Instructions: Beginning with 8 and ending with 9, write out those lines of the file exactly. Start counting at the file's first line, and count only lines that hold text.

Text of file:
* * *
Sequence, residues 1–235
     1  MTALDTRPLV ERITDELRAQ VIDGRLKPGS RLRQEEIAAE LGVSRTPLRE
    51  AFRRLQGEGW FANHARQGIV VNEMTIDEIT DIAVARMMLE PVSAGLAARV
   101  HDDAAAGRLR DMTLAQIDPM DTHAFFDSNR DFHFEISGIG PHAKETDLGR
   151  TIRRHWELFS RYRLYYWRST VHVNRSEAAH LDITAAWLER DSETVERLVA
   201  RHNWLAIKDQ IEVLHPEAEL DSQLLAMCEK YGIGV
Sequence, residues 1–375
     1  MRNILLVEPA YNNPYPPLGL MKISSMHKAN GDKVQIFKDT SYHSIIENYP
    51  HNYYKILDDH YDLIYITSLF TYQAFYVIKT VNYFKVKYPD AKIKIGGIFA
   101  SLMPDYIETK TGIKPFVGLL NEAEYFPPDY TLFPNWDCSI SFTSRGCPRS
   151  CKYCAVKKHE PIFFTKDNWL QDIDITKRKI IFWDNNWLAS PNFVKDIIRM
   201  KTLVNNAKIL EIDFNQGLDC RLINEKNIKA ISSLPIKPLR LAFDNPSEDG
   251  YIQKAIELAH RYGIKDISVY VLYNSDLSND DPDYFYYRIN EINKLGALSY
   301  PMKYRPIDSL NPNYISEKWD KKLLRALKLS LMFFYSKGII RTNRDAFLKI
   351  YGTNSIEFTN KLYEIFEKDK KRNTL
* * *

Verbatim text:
     1  MRNILLVEPA YNNPYPPLGL MKISSMHKAN GDKVQIFKDT SYHSIIENYP
    51  HNYYKILDDH YDLIYITSLF TYQAFYVIKT VNYFKVKYPD AKIKIGGIFA